Lio gave him a sad smile. “I’m good at that, I suppose, but it doesn’t make it right. I owe you more than that, so I am very sorry for having done that to you. It was wrong.”
“Lio.” Galo breathed, the word in itself an acceptance and an olive branch. “Thank you.” He fiddled with his cup lid. “I really should have thought about it better too. I know I rush into, like, everything, but I should have stopped to, like, suss the whole thing out.”
“Nah, you went with your heart. It suits you. Besides,” Lio chuckled hollowly, taking a sip. “I’m not that easy to read.”
Galo tilted his head to the side, trying to understand why Lio would think that. “Uh, yeah you kinda are?” He leaned forward, “It’s not hard to see when you’re, like, upset or have something on your mind. Just hard to know why.” Lio gave him a startled look and Galo shrugged, sitting back once more. “I’m good at paying attention but I’m not a mind reader, Lio.”
He took a sip of his coffee, watching the thoughts play clearly across Lio’s face while he processed. He really thought he was a closed book?
Finally, Lio sighed, leaning into the table to rest his head in the palm of his hand. “You’re right, you aren’t. I just… I think that people just won’t GET my shit, or, like, they shouldn’t HAVE to get it or handle it. But... I shouldn’t keep you in the dark. That’s not fair to you.”
Galo nodded, a little taken aback by Lio’s willingness to talk but he was not about to question it. It seemed like a fragile thing he didn’t want to disturb. “Thank you.” He paused, letting the silence settle over them both.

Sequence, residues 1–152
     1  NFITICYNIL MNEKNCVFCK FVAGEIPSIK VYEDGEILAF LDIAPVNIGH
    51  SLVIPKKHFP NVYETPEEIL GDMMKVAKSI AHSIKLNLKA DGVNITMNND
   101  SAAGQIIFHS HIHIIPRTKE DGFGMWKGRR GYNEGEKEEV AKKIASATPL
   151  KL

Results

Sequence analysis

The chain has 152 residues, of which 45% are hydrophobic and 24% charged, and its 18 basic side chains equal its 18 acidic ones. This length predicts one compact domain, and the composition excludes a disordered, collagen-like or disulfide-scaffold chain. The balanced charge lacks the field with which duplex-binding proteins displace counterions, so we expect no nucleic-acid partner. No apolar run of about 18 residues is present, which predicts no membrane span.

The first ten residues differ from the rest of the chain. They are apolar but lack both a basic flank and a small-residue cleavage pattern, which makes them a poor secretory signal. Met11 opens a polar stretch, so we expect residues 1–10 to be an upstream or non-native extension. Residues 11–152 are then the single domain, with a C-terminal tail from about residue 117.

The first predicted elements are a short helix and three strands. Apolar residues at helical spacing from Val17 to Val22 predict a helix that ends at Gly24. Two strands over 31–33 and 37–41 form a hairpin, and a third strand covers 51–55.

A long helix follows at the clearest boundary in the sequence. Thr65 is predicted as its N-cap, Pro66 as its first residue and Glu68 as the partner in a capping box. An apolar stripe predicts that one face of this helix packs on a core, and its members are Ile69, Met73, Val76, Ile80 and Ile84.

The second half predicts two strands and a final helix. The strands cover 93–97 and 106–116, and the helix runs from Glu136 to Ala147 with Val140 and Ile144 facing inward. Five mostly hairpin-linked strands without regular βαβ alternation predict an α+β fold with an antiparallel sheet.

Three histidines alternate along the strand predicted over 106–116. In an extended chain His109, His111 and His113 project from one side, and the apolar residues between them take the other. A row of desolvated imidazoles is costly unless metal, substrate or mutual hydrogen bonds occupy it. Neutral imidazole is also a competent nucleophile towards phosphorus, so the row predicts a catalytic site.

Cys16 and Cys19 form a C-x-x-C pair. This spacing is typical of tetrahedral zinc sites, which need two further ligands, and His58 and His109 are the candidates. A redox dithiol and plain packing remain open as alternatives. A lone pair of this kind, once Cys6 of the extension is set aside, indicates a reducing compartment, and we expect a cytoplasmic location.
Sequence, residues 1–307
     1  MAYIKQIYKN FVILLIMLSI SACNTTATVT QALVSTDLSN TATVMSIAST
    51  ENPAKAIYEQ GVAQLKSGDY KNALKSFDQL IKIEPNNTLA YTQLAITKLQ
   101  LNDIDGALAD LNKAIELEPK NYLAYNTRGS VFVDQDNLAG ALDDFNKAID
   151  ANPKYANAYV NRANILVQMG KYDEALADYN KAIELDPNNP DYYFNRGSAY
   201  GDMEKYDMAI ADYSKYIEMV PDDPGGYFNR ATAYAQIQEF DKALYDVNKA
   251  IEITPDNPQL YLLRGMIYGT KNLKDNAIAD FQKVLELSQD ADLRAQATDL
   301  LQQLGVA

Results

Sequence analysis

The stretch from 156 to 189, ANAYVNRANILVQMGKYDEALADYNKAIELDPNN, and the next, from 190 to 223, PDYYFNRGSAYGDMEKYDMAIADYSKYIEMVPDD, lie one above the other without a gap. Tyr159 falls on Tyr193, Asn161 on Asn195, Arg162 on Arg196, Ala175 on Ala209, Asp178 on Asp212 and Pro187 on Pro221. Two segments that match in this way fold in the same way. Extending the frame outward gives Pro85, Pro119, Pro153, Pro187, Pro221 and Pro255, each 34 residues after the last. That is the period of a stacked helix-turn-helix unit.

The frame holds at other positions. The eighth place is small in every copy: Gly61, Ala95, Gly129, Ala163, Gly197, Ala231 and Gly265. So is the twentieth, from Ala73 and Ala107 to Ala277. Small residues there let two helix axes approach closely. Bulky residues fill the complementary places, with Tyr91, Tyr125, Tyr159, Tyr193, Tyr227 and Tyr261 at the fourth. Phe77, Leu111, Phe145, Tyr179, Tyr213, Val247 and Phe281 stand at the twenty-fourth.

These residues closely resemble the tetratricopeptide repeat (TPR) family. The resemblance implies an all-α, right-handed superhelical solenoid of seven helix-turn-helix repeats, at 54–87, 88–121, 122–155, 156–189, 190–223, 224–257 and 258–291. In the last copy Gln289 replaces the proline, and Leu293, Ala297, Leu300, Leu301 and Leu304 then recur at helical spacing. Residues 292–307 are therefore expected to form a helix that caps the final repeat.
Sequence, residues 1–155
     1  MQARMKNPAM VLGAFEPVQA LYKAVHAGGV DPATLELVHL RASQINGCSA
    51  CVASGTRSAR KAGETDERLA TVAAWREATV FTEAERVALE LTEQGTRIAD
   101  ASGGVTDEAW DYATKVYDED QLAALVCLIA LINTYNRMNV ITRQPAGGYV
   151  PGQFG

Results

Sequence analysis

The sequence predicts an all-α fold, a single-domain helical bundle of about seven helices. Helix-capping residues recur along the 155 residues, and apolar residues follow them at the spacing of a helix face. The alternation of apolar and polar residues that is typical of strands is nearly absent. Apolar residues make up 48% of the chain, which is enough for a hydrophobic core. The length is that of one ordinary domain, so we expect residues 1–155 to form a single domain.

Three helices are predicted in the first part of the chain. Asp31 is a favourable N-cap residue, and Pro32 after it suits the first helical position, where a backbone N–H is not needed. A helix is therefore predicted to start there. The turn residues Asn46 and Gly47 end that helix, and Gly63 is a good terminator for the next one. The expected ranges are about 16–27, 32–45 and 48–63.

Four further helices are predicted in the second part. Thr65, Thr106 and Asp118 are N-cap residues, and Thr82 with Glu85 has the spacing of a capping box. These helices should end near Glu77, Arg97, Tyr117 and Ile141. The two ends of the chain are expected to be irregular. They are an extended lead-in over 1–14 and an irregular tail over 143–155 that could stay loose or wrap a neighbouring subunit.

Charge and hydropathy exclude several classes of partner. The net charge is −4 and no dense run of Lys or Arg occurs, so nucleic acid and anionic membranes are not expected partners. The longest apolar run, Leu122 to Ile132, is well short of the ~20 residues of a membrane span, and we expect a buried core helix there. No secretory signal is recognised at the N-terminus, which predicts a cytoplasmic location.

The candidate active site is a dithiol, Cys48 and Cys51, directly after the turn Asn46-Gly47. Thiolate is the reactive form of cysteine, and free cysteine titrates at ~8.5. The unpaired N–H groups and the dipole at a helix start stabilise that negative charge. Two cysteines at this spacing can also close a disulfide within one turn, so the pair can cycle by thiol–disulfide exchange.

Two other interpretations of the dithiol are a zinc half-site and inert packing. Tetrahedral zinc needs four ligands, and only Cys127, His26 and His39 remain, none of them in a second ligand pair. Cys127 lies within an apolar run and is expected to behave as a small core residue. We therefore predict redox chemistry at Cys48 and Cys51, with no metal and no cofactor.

“Lio?” He waited for him to hum in acknowledgement before continuing. “Have you been… alright?”
Lio exhaled, seeming to expect this question. “No.” He smiled weakly, meeting his eyes. “Not for a while.” He looked down, almost shy. “But, I’m getting better.”
“The Promare leaving, the Burnish resettling into society, me having to build a new life… It’s all been very difficult. I never really had a life before the Promare. I was so young when I manifested as a Burnish that I really can’t remember what it was like before. It’s all… so new. So different...” He smiled to himself. “I built my identity on being Burnish, on being their leader. Helping them, protecting them, and wanting to build ourselves a new life where we could just be who we are. But, when the Promare left… I didn’t know who I was anymore. I wasn’t a strong fighter, or a leader, or a protector. I was just… me. Whoever that is.” He took a sip of his coffee. “I’m still learning who that person is, really.”
Galo nodded, trying to understand. “But, you’re still Lio? I mean, you can’t make fire but you’re still you.”
“In a way.” Lio shrugged. “I’m a different me though, and that’s ok.”
“And,” Galo smiled, “If it’s not ok now it will be.”
“Exactly.” Lio smiled in return, a weight seeming to leave his shoulders as he settled into his seat more fully.
Galo followed suit, making himself comfortable “So,” He started. “Tell me about the new Lio. What do we know about him.”